After Mueller abstained, Barr conducted the further legal analysis himself, making the final decision that charges were not warranted.

Unclear: Does Mueller agree with Barr’s ultimate decision?

It’s unclear whether Mueller agrees with Barr’s ultimate decision. Mueller has remained completely silent on the issue, even as Barr continues to defend his own handling of the matter.

“I think that the government did not have a prosecutable case,” Barr recently told lawmakers.

As Barr saw it, the totality of Mueller’s evidence and “the context” of Trump’s actions made it difficult for the Justice Department to prove beyond a reasonable doubt that the president committed “obstructive acts” and had “corrupt intent" – key elements of any obstruction charge.

“The president took no act that in fact deprived the Special Counsel of the documents and witnesses necessary to complete his investigation,” and “there is substantial evidence to show that the president was frustrated and angered by a sincere belief that the investigation was undermining his presidency,” Barr said in prepared remarks on April 18, 2019, just minutes before releasing a redacted version of Mueller’s report.

Those are “non-corrupt motives,” Barr said.

For their part, Mueller and his team never made a final determination over whether Trump’s motives were in fact “corrupt” – even though they did conclude that some of Trump’s actions were likely intended to influence and limit Mueller’s investigation.

According to their report, “substantial evidence indicates” that Trump’s push to have then-attorney general Jeff Sessions limit Mueller’s jurisdiction to only future election interference “was intended to prevent further investigative scrutiny of the President's and his campaign's conduct.”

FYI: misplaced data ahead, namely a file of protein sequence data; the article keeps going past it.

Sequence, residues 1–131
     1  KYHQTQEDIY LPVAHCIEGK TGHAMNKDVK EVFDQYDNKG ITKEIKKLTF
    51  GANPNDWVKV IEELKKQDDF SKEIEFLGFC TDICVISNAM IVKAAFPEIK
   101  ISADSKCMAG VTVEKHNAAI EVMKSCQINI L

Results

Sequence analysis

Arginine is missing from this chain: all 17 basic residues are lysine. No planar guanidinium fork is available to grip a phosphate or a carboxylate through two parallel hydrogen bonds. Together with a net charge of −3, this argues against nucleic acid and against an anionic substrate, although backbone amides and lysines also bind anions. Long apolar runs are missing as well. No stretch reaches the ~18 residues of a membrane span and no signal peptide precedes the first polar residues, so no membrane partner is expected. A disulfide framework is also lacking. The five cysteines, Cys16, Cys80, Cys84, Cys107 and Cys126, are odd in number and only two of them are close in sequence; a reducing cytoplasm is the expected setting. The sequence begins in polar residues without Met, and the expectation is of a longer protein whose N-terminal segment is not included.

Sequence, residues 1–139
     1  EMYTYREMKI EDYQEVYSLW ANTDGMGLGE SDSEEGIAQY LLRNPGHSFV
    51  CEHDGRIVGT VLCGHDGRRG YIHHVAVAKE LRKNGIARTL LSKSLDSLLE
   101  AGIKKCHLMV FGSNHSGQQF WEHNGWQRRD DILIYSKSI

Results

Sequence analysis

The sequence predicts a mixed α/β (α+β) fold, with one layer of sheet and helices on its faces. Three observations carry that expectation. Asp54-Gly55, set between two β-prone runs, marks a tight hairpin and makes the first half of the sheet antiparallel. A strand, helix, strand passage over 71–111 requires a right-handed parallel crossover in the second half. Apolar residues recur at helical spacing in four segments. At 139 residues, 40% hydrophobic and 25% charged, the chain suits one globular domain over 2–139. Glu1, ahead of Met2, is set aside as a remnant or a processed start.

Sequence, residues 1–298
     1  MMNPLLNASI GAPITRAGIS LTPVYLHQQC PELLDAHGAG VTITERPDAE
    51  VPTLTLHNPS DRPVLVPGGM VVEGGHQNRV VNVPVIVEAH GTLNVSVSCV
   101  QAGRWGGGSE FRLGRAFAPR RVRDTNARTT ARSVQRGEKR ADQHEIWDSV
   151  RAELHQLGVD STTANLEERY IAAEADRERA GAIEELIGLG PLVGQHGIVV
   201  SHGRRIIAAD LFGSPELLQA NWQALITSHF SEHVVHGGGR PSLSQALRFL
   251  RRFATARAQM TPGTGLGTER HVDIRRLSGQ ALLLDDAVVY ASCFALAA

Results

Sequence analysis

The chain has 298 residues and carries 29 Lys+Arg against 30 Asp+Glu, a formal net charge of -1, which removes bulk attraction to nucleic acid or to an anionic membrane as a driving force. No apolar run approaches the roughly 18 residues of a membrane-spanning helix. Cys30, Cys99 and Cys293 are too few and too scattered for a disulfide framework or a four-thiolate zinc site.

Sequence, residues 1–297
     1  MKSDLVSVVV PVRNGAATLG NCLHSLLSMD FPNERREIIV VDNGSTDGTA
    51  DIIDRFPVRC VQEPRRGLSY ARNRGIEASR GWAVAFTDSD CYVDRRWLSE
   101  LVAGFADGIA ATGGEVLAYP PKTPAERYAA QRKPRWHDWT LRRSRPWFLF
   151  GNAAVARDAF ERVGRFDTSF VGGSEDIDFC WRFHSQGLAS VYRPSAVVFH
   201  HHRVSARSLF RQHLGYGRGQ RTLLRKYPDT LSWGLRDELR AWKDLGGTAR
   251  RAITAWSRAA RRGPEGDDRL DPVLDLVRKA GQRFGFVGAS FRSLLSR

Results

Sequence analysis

In addition, evidence “concerning the President's conduct towards” Paul Manafort, Trump’s former campaign manager who was prosecuted for an array of financial crimes, “indicates that the President intended to encourage Manafort to not cooperate with the government,” the report said.

Nevertheless, in other instances, the report said evidence pointing to Trump’s intent was “inconclusive” or “[did] not establish that the President intended” to “stop or interfere” with the Russia probe.

“[W]hile this report does not conclude that the President committed a crime, it also does not exonerate him,” Mueller and his team wrote. And on Wednesday, Mueller pointedly repeated a line from his report, insisting, "If we had confidence that the president clearly did not commit a crime, we would have said so."

They disagree: Mueller shouldn’t have investigated if he wasn’t going to rule on obstruction

During his remarks on Wednesday, Mueller pushed back on any notion that he shouldn’t have investigated Russian meddling and Trump’s subsequent actions if he wasn’t going to make a final determination on whether Trump unlawfully obstructed justice.

Russian operatives “launched a concerted attack on our political system,” and, “The matters we investigated were of paramount importance,” Mueller said.

“It was critical for us to obtain full and accurate information from every person we questioned. When a subject of an investigation obstructs that investigation or lies to investigators, it strikes at the core of the government’s effort to find the truth and hold wrongdoers accountable,” he insisted.

And, he said, the OLC opinion that blocks the indictment of a sitting president “explicitly permits the investigation of a sitting president because it is important to preserve evidence while memories are fresh and documents are available.”

“Among other things, that evidence could be used if there were co-conspirators who could now be charged,” and Congress can initiate a process “to formally accuse a sitting President of wrongdoing,” he said.

But Barr has strongly rejected the idea that the Justice Department – as part of the executive branch – should be used to conduct investigations for Congress – the legislative branch – or anyone else.

“We don't conduct criminal investigations just to collect information and put it out to the public. We do so to make a decision,” Barr told a Senate panel three weeks ago.

“If [Mueller] felt that he shouldn't go down the path of making a traditional prosecutive decision then he shouldn't have investigated,” Barr added.